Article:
vealing the closest shape and location of the object. The

recovery process is particularly important to aid 3-D re-

construction of mine-like objects [5].

0364-9059/$25.00 © 2008 IEEE

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DURA et al.: SUPERELLIPSE FITTING FOR THE RECOVERY AND CLASSIFICATION OF MINE-LIKE SHAPES435

• Shape classification: This determines which of the class

representativesismostsimilar. Inthiswork,aparameterof

thesuperellipse,knownasthesquarenessparameter,deter-

mines a variety of shapes including rhomboid, rectangular,

and spherical shapes, and is exploited here to discriminate

between them. In addition, other superellipse parameters,

for example, the axis lengths and the degree of rotation,

may be used to characterize the dimensions and orienta-

tion of the mine.

It is assumed that this classification procedure is part of a

broader detection and classification system and that the region

ofinteresthasbeenobtainedonthebasisofsomepriordetection

method (such as that proposed by Reed et al. [6]) and that man-

made objects have been separated from nonman-made objects.

II. RELATED WORK

In general, classical models consisting of feature extraction

andsubsequentclassificationhavebeenwidelyusedinCACop-

erations. First, using a presegmented shadow, a set of features is

extracted fromthe shadow.This allowstherepresentation of the

imagebyafewdescriptorsprovidingrelevantinformationabout

the extracted shadow rather than the whole set of pixels. Then,

the set of features is normally presented as input to a classifier.

Commonly used feature vectors include Fourier descriptors [7],

[8], shape descriptors [9]–[14], and intensity descriptors [15],

[11],[8],[13].Recently,Zerretal.[16]and Myers[17]usedthe

object height profile of shadow information as a feature vector.

Althoughfeature-basedmethodsareappealing,theperformance

oftheclassifiersdepends,toasignificantextent,upontheability

of the chosen features to accurately represent all of the charac-

teristics of the shadows.

Alternative model-based approaches have been proposed for

the classification of mine-like objects. Based on the observation

that mine-like objects cast a regular and easily identifiable geo-

metrical shape, a priori knowledge can be taken into account to

detect instances of shapes of a determined object. In particular,

thecastshadowofasphereisan ellipseand thecastshadowofa

cylinder is a parallelogram in most of the cases. Therefore, dif-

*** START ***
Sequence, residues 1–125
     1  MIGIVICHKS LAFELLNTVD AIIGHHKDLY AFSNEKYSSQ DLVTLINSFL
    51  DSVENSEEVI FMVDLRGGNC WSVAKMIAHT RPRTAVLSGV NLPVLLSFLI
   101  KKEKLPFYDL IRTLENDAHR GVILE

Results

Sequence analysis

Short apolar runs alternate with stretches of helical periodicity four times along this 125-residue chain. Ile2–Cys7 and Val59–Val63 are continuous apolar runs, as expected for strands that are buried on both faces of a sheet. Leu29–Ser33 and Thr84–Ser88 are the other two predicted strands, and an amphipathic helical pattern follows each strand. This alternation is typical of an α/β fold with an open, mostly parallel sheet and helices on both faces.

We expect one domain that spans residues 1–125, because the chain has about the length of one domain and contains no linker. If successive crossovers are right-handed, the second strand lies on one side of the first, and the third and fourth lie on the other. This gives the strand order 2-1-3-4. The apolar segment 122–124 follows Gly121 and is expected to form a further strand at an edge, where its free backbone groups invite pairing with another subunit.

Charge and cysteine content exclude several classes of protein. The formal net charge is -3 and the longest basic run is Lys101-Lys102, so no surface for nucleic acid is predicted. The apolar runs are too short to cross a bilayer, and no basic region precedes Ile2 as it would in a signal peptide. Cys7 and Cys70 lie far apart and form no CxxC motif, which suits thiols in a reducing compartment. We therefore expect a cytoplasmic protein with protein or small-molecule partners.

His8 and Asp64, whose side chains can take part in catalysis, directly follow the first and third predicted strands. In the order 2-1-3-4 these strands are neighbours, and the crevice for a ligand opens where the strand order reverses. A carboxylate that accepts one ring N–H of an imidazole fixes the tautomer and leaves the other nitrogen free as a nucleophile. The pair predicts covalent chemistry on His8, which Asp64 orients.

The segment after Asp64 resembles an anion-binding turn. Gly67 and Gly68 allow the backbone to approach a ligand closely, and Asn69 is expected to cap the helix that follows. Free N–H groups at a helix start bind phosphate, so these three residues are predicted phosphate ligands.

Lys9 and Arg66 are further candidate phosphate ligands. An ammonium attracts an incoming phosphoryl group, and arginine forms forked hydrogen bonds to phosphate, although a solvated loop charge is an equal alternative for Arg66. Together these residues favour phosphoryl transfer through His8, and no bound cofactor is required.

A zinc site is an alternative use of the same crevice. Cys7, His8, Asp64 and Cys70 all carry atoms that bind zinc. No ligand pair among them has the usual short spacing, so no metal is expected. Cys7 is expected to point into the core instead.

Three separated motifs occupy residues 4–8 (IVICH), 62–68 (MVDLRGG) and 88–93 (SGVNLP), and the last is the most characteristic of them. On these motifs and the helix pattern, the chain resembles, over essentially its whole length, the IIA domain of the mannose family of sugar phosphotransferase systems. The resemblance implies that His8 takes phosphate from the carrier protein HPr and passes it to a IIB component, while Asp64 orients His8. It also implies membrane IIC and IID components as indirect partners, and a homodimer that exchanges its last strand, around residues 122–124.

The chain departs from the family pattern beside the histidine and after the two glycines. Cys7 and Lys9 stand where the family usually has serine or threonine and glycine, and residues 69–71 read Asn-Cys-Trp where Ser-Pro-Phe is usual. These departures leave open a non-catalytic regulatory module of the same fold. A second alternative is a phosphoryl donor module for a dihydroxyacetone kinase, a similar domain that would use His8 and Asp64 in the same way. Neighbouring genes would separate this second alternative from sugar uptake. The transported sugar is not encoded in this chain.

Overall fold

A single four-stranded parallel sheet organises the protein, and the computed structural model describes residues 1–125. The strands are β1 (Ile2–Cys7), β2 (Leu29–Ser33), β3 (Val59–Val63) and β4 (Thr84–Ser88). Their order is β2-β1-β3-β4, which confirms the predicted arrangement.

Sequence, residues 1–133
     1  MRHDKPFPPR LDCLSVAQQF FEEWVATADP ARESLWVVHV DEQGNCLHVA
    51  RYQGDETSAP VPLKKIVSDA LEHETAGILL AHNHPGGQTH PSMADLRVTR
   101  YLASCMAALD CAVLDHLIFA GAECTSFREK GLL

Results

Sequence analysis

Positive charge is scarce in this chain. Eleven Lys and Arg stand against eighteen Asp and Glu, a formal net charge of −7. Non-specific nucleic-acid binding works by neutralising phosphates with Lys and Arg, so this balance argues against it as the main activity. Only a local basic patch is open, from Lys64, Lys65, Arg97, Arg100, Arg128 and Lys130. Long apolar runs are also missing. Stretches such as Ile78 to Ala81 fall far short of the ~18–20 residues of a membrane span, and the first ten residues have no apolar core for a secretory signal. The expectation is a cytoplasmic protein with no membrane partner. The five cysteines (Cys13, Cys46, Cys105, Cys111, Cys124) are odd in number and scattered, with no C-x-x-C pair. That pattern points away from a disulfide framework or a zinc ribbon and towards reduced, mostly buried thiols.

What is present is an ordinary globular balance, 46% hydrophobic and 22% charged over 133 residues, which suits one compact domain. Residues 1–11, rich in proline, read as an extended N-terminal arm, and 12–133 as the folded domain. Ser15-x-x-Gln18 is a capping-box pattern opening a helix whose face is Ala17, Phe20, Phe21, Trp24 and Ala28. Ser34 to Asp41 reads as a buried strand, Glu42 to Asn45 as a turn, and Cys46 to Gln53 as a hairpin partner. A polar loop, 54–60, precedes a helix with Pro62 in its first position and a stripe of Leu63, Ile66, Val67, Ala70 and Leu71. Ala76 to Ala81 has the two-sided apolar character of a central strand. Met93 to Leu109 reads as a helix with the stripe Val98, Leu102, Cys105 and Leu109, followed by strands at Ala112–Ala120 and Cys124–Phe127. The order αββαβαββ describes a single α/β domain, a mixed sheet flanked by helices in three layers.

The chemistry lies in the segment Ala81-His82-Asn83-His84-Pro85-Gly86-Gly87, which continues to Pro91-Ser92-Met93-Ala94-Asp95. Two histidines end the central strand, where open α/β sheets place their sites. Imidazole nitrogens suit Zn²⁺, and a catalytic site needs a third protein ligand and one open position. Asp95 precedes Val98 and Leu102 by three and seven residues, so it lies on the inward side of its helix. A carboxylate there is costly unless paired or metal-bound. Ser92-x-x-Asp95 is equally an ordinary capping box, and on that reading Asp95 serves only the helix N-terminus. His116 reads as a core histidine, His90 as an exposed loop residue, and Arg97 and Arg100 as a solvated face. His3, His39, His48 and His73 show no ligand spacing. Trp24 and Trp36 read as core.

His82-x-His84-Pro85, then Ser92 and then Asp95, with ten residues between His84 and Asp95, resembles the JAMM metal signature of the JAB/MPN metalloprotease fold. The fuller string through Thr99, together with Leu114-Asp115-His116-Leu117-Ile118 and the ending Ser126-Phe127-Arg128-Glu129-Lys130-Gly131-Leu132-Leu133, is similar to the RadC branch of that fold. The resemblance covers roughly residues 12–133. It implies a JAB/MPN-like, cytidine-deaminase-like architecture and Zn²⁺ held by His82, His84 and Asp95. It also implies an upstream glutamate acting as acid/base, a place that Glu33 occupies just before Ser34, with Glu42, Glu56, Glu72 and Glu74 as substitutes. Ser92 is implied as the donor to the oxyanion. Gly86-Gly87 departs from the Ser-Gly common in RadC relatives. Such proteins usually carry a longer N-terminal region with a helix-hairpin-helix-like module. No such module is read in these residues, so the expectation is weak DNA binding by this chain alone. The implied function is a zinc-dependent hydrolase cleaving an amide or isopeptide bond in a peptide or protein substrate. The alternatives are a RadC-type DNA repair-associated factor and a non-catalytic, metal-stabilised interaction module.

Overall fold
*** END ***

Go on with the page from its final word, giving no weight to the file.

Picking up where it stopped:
ferent templates can be defined to detect ellipses and parallelo-

grams.Thisapproachcanbeusedforclassifyingandrecovering

cast shadows more efficiently than feature-based approaches if

a priori information can be introduced.

A model-based approach that combines available properties

of the shape (as a prior model) and an observation model (as a

likelihood model) was proposed by Mignotte et al. [18], to de-

tect and classify mines in sonar imagery. In such terms, they de-

fined a prototype template, along with a set of admissible linear

transformations, to take into account the shape variability for

every type of mine. They also defined a joint probability den-

sity function (pdf), which expresses the dependence between

the observed image and the deformed template. The detection

of an object class was based on an objective function measuring

how well a given instance of deformable template fits the con-

tent of the segmented image. The function was minimal when

the deformed template exactly coincides with the edges of the

shadow contour and contains only pixels labeled as shadows. A

threshold determined whether the desired object was present.

Along similar lines, Balasubramanian and Stevenson [8]

assumed that the shadows from targets such as cones, cylinders,

and rocks were close to an ellipse and hence modeled the

shadow shapes as ellipses. To this end, the edges of the shadow

regions were extracted and then elliptical parameter fitting was

performed using the Karhunen–Loève method. Then, the pa-

rameters were used as features to describe the ellipse. Although

this approach is relevant for spherical mine-like shapes, it was

not the best approach to provide good class separation.

Another classical partial shape recognition technique based

on the extraction of landmarks is that presented by Daniel et al.

[19]. This implementation extracted landmarks from the scene,

followed by a match between these landmarks and model land-

marks, quantified by the difference between the model and the

scene’s Fourier coefficients. In particular, this implementation

performed very well when objects were occluded in the scene.

Alternative approaches have been proposed. Fawcett [20]

worked directly with the image itself as a feature. The basic

approach consisted of applying a principal component analysis

to the image and then a discriminative analysis was used to